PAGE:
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Tag Archives: environment

#EchoesFromPastEra . . .I seek strength,…

via #EchoesFromPastEra . . .I seek strength,…

This is a beautiful Indigenous passage shared by Purple Rays. I have been thinking of deep ecology more the last few days and this poem reminded me of how I am not separate from the universe and others who share it with me.

Even in an urban setting, nature is immediate and surrounds me, providing context for my life. As I walk, I listen to birds, see squirrels, observe flora, and, sometimes, walk in the rain, as I did this morning.

How I live in nature and in relationship with others I can cleanse my hands and spirit, finding strenght and preparing for the next step in my journey.

I took this picture walking in the river valley, which divides Edmonton. The terns are always there during the spring, summer, and fall. When I walk on the path that is surrounded by trees, at this time of the year I smell how nature renews itself as trees shed their leaves and they are absorbed into the natural cycle.

Gulls at Neurotsis Inlet

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Wednesday – native prayer

via Wednesday – native prayer

Dymoon shared a beautiful indigenous prayer attributed to Chief Dan George (born Geswanouth Slahoot) who was an actor, author, and activist. He did not become an actor until he was 60 and worked as a longshoreman, logger, and musician, as well as being chief of the Tsleil-Waututh Nation in British Columbia.

The prayer reminds me that nature is a place to be. We are not separate from it, but live in nature’s midst. Nature’s gifts, including silence, are a rich bounty we cannot live without.Gulls at Neurotsis Inlet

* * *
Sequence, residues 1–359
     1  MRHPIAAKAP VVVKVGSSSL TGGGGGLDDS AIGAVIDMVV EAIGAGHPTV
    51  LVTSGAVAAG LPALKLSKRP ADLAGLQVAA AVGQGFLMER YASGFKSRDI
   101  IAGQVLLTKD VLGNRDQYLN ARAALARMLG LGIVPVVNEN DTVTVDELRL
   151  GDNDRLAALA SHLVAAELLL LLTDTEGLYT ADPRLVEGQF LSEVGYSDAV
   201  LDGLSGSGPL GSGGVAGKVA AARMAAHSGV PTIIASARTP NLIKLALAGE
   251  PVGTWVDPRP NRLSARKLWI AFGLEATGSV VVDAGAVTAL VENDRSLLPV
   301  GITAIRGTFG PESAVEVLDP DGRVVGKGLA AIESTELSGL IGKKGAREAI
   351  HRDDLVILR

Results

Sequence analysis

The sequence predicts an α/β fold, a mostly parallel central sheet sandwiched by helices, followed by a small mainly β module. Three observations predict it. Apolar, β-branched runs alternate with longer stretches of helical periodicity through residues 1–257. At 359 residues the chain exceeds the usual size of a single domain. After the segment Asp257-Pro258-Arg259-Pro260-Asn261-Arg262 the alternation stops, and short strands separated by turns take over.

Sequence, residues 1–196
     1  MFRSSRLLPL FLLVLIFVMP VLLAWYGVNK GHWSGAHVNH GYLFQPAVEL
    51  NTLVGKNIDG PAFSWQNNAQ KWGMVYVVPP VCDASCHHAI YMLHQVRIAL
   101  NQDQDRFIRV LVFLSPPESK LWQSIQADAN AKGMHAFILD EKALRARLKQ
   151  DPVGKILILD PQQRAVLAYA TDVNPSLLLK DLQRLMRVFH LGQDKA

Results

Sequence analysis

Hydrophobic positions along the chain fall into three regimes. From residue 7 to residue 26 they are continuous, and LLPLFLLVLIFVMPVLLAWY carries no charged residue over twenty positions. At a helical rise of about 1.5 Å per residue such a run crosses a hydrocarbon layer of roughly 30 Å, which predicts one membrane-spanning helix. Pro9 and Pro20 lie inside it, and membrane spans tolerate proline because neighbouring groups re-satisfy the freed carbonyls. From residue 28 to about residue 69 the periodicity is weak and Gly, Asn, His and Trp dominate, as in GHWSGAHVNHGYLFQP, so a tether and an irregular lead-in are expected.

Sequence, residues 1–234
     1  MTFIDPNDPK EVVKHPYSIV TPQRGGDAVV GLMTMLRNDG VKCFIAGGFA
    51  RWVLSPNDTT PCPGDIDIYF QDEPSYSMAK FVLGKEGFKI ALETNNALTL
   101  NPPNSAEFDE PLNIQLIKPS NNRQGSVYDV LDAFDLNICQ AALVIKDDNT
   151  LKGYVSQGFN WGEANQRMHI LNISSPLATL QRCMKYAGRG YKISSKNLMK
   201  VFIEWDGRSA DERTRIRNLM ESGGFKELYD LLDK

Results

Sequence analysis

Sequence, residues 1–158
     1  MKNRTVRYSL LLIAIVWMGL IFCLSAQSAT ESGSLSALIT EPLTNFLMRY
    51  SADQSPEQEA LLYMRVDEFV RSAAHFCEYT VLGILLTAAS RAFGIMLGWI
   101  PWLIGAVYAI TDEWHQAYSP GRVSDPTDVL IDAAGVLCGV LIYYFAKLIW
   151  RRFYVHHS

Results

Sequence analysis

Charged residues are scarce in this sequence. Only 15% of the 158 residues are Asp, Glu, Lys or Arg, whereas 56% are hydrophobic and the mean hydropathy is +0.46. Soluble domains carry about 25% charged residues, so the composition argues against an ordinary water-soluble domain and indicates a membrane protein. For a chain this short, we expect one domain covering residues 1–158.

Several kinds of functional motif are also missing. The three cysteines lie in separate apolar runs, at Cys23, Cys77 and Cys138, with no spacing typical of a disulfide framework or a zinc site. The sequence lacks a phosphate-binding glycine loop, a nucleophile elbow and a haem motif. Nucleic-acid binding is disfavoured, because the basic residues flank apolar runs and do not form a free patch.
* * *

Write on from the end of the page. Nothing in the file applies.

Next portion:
I took this picture several years ago walking along the North Saskatchewan River, which runs through Edmonton. Nature is always with me.

Wildness

via Wildness

Michele‘s post reminded me of poems by two of my favourite poets.

Environmentalists refer to Wendell Berry and Mary Oliver‘s poems. An educated guess is that Henry David Thoreau, who Michele quotes, informed their writing.

Wendell Berry wrote in moments of despair he “comes into the peace of wild things who do not tax their lives with forethought.”

Mary Oliver ends Summer Day with the following question: “Tell me, what is it you plan to do/ with your one wild and precious life?” Paradoxically, the question is an answer to her eloquent questions about who created nature.

Nature has a way of being and providing us with lessons for life. It is in meditative moments, when we just are, we grow to understand what that can mean. We grow and value what is essential not to us, but to those who come after us.

“We do not inherit the world from our ancestors, but borrow it from our children.”

Medicine Wheel

Medicine wheels are part of many First Nations’ cultures. They serve to connect people to the environment and reflect our interdependence with nature and each other. They signal the need for balance required in our lives and ground us with and in our world. I took the picture on Bowen Island and began to write the poem.

I feel welcomed–

At home,

I found my way–

Linked to the universe,

With each being

Inseparably bound–

I could not lose my way

A voice gently beckons,

“Cross the hearth.”

Bask in its warmth–

Refresh with its water–

Breathe its sweet air–

Let the earth ground–

Replenish here;

No magic–

Only magical.

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